This photo setup is a common one on the app these days. You’ve no doubt seen and maybe even double-tapped at least a few of these shots, which are posted by the dozens each week. The typical sign is black with a wooden frame, and comes with a collection of white plastic letters to be endlessly rearranged into the pithy message of your choosing. The reason we can isolate Wynn as the probable pioneer of the pose is that her mother and father, Johnny and Joanna Galbraith, say they invented it. Inventing a certified Instagram pose is a rare feat, but rarer still is what the Utah-based Galbraiths did with the company they started in 2015, Letterfolk. They didn’t invent the felt letterboard, but by most accounts they are the people responsible for transforming the signs from a forgotten industrial relic to something like a nostalgic décor essential.

Confessions of a Selfie Addict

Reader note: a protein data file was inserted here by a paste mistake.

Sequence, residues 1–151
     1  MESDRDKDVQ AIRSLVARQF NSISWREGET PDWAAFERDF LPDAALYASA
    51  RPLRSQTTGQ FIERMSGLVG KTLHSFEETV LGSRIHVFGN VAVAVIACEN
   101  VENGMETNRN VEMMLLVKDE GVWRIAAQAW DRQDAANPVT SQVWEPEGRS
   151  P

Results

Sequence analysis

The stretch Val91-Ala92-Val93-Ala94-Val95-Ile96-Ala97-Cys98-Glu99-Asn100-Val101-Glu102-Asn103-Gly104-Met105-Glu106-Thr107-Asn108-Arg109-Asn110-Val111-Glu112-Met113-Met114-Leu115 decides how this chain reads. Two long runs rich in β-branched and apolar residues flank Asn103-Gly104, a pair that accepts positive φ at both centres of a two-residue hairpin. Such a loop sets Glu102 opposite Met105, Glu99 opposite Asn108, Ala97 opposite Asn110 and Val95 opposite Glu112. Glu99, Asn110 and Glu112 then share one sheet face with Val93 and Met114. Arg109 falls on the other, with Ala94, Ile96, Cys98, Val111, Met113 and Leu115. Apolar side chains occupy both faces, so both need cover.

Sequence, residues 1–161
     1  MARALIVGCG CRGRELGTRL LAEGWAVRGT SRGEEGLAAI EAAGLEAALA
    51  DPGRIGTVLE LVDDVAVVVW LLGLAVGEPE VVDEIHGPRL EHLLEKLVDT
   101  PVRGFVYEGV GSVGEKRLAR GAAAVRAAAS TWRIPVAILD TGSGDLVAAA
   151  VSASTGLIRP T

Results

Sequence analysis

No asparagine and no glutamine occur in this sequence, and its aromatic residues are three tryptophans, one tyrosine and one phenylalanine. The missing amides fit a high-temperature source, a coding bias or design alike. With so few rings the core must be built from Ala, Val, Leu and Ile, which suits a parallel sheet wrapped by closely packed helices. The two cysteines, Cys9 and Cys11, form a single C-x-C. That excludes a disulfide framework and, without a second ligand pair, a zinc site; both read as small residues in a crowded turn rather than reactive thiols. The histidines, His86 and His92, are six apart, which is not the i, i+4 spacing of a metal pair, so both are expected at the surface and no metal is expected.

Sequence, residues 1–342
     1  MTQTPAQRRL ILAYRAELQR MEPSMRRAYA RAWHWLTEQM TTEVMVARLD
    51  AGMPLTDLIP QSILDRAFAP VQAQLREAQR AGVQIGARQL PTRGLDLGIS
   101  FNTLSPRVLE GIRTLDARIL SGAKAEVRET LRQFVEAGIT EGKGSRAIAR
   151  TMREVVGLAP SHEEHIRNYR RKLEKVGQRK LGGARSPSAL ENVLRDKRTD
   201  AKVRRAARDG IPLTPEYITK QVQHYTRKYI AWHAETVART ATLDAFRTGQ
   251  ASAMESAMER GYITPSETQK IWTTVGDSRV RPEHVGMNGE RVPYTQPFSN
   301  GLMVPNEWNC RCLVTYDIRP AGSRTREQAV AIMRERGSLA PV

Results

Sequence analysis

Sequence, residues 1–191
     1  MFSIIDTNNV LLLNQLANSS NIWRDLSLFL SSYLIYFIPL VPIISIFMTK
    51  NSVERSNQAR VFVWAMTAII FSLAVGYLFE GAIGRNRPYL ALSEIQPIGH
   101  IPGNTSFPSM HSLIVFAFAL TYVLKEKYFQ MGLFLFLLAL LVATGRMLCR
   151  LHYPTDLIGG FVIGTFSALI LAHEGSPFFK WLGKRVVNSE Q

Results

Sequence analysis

Excerpt from this article:

…many Instagrammers have, in an effort to add gravitas to their feeds, turned their backs on self-evident charms of the selfie in favor of more sincere genres. Examples include flowers ’n’ sunsets, and, my least favorite, those screenshots of text, usually platitudes of the what-doesn’t-kill-you-will-make-you-stronger variety. Also a bit worrying: those heartwarming pictures of (nonconsenting) pets and children. These make me nervous. I have visions of these unwittingly Instagrammed brats decrying their parents in therapists’ offices in years to come, claiming toddler privacy violations.